The war on drugs
In most people's minds perhaps, the front line troops in the fight against drugs are police on our streets.
The political rhetoric focuses on the need for robust enforcement - zero tolerance and tough sanctions for dealers and users. But what if it doesn't actually work? What if it actually makes the situation worse?
Despite hundreds of millions of pounds spent each year on UK drug enforcement activity, the commissioners argue there is "remarkably little evidence of its effectiveness".
Drug markets, they conclude, are "extremely resilient" and all the criminal justice activity has had "little street-level impact".
Indeed they go further, warning that law enforcement efforts can have a significant negative impact.
Such conclusions are reached by looking at the illicit drug market as a business. It is, they say, one of the most lucrative of its type in the world - worth an estimated £5.3bn - equivalent to a third of the entire tobacco market and over 40% of the alcohol industry.
They estimate there are 300 major drug importers, 30,000 wholesalers and 70,000 street dealers on the streets of the UK.
Currently a quarter of the UK government's drug strategy budget is spent on reducing the supply of these illegal substances - £380m in 2005/6. What impact has that had?
"Law enforcement efforts have had little adverse effect on the availability of illicit drugs in the UK" say the commissioners Seizures of Class A drugs have more than doubled in a decade but average street prices, they claim, have fallen consistently for heroin, cocaine, ecstasy and cannabis.
"The drug networks are highly fluid, adapting effectively to law enforcement interventions", says the report. If supplies are hit for a time they simply reduce the purity level of their product increasing their profit margins.
The commission accepts that supply reduction has an important part to play in harm reduction but using the criminal justice system to do it may be making matters worse.
Police crackdowns can, they say, increase threats to public health and safety by altering the behaviour of individual drug users and potentially setting up violent drug gang conflicts as dealers move to new areas.
It is in many ways a bleak assessment of the government's entire approach to the drugs problem. Not only do they question the ineffectiveness of police activity but there is also criticism of that other key plank of the official drug strategy - treatment.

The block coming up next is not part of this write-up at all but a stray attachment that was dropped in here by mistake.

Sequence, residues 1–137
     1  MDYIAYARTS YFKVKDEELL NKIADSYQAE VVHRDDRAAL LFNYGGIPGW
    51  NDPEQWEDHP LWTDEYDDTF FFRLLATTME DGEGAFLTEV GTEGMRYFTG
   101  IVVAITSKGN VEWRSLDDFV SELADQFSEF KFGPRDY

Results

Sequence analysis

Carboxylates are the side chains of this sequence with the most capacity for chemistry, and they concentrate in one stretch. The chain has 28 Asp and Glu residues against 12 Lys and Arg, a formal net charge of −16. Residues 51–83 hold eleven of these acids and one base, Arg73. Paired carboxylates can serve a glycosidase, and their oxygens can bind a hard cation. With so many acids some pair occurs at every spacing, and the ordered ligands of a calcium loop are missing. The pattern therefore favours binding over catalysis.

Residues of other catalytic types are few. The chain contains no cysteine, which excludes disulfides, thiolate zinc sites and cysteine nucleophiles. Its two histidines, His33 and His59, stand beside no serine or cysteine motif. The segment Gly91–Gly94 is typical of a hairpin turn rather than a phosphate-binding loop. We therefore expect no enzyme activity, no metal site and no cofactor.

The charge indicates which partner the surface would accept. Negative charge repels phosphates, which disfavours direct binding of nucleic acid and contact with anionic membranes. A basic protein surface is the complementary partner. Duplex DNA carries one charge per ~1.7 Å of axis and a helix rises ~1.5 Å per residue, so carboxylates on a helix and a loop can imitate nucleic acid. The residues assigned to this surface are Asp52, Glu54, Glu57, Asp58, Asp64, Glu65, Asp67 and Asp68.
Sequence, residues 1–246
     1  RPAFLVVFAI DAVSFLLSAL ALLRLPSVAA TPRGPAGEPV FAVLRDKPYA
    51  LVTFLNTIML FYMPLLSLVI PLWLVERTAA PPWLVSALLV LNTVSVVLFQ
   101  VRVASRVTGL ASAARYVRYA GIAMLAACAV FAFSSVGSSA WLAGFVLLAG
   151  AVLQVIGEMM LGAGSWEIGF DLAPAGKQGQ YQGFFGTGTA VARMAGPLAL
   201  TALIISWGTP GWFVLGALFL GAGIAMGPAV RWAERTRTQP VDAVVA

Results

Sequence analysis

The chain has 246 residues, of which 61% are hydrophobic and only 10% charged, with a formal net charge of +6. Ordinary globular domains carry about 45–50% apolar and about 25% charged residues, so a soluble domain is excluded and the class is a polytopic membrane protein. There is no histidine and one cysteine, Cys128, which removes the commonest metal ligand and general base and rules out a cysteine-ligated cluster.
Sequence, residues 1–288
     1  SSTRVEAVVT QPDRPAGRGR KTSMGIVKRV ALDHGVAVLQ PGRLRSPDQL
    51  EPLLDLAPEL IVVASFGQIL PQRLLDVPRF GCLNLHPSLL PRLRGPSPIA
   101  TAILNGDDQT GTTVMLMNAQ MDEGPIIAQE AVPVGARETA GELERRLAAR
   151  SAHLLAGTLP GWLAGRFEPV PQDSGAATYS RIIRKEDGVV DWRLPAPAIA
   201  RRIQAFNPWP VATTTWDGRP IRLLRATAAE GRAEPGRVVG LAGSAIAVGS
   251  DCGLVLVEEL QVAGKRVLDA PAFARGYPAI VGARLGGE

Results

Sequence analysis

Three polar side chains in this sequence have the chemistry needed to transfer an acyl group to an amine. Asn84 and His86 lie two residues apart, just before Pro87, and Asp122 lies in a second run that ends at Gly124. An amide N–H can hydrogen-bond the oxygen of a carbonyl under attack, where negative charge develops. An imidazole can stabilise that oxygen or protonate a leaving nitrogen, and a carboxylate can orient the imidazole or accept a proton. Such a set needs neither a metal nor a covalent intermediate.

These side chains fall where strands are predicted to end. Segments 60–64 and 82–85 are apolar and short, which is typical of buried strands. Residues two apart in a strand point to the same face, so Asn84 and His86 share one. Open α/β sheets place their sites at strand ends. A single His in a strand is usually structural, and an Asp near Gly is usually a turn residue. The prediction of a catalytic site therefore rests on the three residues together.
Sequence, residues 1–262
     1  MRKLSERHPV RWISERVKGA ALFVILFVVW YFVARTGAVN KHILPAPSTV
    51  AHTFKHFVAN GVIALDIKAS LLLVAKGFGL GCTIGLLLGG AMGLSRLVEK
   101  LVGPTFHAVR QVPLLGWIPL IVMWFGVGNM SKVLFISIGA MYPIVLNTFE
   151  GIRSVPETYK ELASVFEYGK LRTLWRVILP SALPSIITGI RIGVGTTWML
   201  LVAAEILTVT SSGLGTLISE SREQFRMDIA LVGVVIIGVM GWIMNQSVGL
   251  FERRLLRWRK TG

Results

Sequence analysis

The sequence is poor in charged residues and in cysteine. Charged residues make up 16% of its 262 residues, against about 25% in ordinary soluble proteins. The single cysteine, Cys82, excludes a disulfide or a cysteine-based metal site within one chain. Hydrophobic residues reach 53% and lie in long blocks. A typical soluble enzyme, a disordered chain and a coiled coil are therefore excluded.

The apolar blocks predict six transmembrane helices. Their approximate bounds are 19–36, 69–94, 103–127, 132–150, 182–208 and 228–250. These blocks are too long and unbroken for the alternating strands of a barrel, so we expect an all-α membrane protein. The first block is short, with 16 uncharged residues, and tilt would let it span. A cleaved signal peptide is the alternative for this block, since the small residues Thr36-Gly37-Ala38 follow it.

They suggest the programme suffers from high attrition rates, low completion rates, inconsistent quality and availability of services.
So what are the answers?
The UKDPC do not call for legalisation or decriminalisation overtly, but they do point out that while "the illegal status of drugs is likely to have contained their availability and use to some extent...drug laws do not appear to have direct effects on the prevalence of drug use: 'tougher' enforcement measures have not necessarily deterred use".
Instead of filling prisons with thousands of low-level dealers from sink estates, the UKDPC proposes a more targeted approach - forming local partnerships to channel users into treatment, working with communities to help them become more resilient to drugs, disrupting open street-level markets which affect community confidence but not simply driving the drug gangs elsewhere.
To some extent, the harm reduction message has already been accepted. The Director General of Serious Organised Crime Agency Bill Hughes recently told MPs: "in the past too much emphasis has been placed on lower level street deals. What we are trying to deal with are the major importers."
The drug strategy for England and Wales published last April makes remarkably few claims for the effectiveness of police crackdowns.
While citing "robust enforcement" as a key plank of their approach, evidence that it actually works is limited to a few lines: "There is some evidence that enforcement activity can affect drug prices" it states.
'Some evidence' is hardly a ringing endorsement of the tactic, and the claim that "there is evidence of the UK wholesale price being greater than that in continental markets" does not reflect the UKDPC's research showing falls in British street prices over the past decade.
The strategy also claims that "tough sanctions...have contributed to a fall in recorded acquisitive crime of around 20%". They refer to the flagship Drugs Intervention Programme which forces offenders into treatment.
However, my analysis suggests that such crime was falling faster before the scheme was introduced. The British Crime Survey shows that household crime in England and Wales fell 7% a year before the programme and 4% afterwards.
Today's report calls for rigorous assessment of the effectiveness of enforcement, but it seems unlikely that any government would want to question whether getting tough with drug abusers on our streets actually works.